As The Local reported last year, the woman from western Sweden was 31 weeks' pregnant when she started getting stomach pains on a visit to Ystad in southern Sweden and contacted the hospital.
The obstetrics and gynecology unit found traces of blood in her urine, gave her antibiotics and sent her home.
Later that evening she contacted the hospital again, but a CTG and vaginal ultrasound did not show anything out of the ordinary, so the same doctor sent her home once again.
Her husband called health services once more that night explaining that his wife was in so much pain she was unable to speak, but was told that she should take an Alvedon – a Swedish brand of paracetamol-based painkillers.
In the report filed to the Health and Social Care Inspectorate the woman explained that she then threw up and ran to the toilet, where she had three contractions, pushed and gave birth to a son in the toilet chair. Half an hour later an ambulance came to get her.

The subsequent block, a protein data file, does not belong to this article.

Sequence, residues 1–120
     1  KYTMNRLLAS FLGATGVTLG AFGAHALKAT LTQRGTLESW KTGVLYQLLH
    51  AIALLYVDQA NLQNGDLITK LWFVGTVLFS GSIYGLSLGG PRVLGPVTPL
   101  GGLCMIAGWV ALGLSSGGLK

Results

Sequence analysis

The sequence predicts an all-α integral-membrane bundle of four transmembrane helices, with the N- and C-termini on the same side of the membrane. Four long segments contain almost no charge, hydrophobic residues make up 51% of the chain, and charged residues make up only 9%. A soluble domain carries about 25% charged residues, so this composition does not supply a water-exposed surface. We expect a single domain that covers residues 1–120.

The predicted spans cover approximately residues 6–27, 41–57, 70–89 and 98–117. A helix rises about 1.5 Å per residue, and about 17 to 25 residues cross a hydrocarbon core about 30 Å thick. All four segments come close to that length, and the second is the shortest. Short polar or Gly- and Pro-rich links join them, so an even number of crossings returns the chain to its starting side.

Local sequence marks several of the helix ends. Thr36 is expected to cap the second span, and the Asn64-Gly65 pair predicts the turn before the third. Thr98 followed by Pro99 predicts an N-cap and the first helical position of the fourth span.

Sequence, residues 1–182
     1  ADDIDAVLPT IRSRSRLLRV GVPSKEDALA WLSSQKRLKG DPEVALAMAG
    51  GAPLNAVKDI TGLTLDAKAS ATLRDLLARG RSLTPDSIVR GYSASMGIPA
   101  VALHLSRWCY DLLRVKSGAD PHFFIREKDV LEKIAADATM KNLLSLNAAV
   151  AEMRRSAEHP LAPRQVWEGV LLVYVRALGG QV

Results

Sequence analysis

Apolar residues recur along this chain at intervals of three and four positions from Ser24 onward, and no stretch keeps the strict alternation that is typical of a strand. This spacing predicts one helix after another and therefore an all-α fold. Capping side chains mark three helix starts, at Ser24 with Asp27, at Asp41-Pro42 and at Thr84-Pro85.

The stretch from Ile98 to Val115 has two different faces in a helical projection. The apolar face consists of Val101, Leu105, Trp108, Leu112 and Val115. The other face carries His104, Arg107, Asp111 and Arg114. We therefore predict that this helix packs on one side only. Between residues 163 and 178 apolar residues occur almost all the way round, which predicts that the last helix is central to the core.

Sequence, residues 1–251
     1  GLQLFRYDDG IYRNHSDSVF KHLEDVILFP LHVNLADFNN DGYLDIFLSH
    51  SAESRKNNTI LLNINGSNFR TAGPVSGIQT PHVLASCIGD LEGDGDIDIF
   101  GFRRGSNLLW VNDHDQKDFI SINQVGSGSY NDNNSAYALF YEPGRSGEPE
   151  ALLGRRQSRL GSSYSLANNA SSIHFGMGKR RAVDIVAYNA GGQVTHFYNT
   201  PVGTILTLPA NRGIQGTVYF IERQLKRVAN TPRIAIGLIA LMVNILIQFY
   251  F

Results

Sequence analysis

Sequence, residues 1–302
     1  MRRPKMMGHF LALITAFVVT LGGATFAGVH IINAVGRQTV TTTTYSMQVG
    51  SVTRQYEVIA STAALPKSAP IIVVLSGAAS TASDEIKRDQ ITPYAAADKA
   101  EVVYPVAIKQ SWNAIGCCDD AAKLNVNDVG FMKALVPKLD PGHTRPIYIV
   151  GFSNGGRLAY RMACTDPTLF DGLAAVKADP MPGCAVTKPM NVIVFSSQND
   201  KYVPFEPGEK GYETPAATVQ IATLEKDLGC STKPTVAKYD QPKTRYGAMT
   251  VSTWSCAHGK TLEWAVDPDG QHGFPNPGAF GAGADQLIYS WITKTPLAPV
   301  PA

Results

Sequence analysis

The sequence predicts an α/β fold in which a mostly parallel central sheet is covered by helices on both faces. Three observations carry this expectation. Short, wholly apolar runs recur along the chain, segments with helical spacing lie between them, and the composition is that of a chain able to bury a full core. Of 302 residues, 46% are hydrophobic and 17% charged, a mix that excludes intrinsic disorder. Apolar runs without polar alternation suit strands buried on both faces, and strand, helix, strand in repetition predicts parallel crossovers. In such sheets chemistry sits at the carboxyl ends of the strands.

Both the 39-year-old woman and the child are understood to have been at good physical health afterwards, but the woman later contacted the hospital in Ystad to get an explanation about what happened.
“I have thought a lot about the incident and called Ystad to see if they had done any investigation and if it had provided some answers as to whether or not they could have done something differently. For example let me stay the night for observation,” regional newspaper Kvällsposten quotes the woman as writing in her report to the inspectorate.
But when she called the hospital none of the senior doctors were aware of her birth.
The health inspectorate found that she should have been admitted for observation, especially considering that it was believed she had an infection which could trigger early birth, Kvällsposten reports. The watchdog also criticized the doctor who examined her for not signing the medical log.